Think of it as shrinking the public sphere to the size of your street, and then examining it with a magnifying glass. This is more or less what the Trinity Mirror group of newspapers did in the UK this year.
Their experiment with what they call “hyperlocal community websites” was so successful that they have decided to roll it out nationally, the Media Guardian reported. These websites cover news relating to a specific postcode (see some of these sites at href=”https://www.gazettelive.co.uk/gazette-communities” target=_blank mce_href=”https://www.gazettelive.co.uk/gazette-communities”www.gazettelive.co.uk/gazette-communities).
News from the group’s community websites, citizen journalism and other user-generated content (for example, user blogs) is posted on a website dedicated to an area falling under a single postcode.
A selection of these online stories are then also printed and distributed to homes in the postcode area. The 22 hyperlocal websites launched as a pilot were so popular (and unexpectedly so) that the same formula is to be applied nationally, the group’s regional managing director told the Guardian.
align=leftThere are some negative aspects as well. One could argue that hyperlocal websites may lead to a navel-gazing approach to news; that an event or an issue only becomes important when it happens in one’s own backyard.
align=leftThat is not sensible in a globalised world where we have to learn more about other countries, other cultures, other regions, and try to understand how our interests are linked to theirs. Another point of concern, raised in the USA after a recent spate of job cuts at big newspapers, is that hyperlocal sites which rely on user-generated content and citizen journalism may eat into the mainstream journalism market, eventually leading to job losses as work gets “farmed out” to consumers instead of journalists (!_LT_EMsee Michelle Ferrier’s discussion of this problem on the Poynter Institute’s website!_LT_/EM).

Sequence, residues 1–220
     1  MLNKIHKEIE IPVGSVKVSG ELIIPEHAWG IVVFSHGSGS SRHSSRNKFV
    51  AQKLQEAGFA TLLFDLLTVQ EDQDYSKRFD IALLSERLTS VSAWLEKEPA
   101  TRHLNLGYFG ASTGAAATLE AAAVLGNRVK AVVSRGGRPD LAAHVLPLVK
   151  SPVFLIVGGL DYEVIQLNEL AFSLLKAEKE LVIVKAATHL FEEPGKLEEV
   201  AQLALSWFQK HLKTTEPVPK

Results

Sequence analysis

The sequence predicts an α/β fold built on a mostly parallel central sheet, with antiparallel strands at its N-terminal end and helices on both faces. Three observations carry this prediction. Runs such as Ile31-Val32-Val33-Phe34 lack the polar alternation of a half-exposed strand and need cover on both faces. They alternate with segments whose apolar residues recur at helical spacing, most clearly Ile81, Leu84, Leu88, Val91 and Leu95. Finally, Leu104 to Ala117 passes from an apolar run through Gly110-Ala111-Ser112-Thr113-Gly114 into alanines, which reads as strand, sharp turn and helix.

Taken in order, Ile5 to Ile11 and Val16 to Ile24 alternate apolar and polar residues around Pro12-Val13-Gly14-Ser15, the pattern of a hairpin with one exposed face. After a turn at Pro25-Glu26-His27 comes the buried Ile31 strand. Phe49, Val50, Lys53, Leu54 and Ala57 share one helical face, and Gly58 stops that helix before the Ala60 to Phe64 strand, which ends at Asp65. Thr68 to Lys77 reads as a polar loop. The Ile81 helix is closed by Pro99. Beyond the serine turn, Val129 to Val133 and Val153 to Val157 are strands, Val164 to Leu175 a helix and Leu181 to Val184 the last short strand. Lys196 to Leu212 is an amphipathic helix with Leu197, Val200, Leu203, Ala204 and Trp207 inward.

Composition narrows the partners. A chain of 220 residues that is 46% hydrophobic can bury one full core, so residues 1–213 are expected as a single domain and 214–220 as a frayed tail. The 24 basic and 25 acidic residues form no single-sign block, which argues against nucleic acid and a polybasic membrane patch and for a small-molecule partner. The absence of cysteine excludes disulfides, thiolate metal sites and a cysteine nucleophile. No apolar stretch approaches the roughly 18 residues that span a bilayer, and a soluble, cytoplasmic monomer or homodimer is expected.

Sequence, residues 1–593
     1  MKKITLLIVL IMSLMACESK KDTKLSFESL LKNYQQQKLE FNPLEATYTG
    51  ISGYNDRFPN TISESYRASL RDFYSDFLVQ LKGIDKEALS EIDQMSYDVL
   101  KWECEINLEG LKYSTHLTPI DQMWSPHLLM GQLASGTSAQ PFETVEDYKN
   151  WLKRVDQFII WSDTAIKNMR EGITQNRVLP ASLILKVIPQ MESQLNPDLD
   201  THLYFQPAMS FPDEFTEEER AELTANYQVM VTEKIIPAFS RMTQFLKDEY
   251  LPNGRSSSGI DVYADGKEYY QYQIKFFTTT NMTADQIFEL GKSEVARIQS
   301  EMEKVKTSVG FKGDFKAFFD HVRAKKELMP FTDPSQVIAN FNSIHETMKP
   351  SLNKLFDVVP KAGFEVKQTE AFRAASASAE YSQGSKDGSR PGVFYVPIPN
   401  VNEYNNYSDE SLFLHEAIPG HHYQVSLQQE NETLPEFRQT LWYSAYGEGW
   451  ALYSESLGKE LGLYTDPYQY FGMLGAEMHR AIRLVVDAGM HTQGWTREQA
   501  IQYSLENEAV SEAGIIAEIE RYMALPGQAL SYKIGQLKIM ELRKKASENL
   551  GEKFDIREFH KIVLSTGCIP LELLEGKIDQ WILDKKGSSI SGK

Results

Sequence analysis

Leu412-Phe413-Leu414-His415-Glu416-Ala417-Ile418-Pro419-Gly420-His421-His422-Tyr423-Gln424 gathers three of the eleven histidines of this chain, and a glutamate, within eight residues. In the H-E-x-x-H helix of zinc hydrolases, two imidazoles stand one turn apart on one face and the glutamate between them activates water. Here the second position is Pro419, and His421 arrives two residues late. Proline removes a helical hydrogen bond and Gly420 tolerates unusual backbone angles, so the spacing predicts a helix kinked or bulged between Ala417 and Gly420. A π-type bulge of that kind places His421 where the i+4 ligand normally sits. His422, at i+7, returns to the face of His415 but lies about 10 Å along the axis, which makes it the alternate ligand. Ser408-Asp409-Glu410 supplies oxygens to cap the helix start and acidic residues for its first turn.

align=leftA counter-argument is that the success of these websites lures more investment and creates the need to bring more staff on board to cope with the demand. This was the case at the Teesside Gazette, which will also recruit bloggers, including local charity workers, teachers and youth leaders, the Press Gazette reported.
align=leftWould this hyperlocal approach be a good one to transplant to South Africa?
align=leftThe answer would depend on your definition of community media. If you take the term to refer only to content, these sites would qualify as they provide news from the bottom up and shine the news light into the local nooks and crannies ignored by the big broadsheets or radio stations.
align=leftHowever, if you see community media as referring to an independent ethos, as a way to counter the concentration and conglomeration of media resources in the hands of Big Media, these hyperlocal sites would be regarded as just another tentacle used by big media companies to grab a piece of local audiences.
This is the case with Trinity Mirror in the UK, and in South Africa, many local community newspapers are also owned by big conglomerates like Naspers and Caxton. This situation could easily result in community papers having a generic, one-size-fits-all look and feel.
Moreover, a community paper having to provide profits for a big parent company could yield to the pressure of commercialising to the extent that the relationship with the local community Ã¢Â€Â“ in all its diversity Ã¢Â€Â“ suffers in the same way as when a take-away franchise takes over the old Mom-and-Pop cafÃƒÂ© on the corner.
In the South African context there is the added issue that web-based news outlets would also exclude many communities whose members do not have access to computers and the internet and who rely on radio or print for their news and information.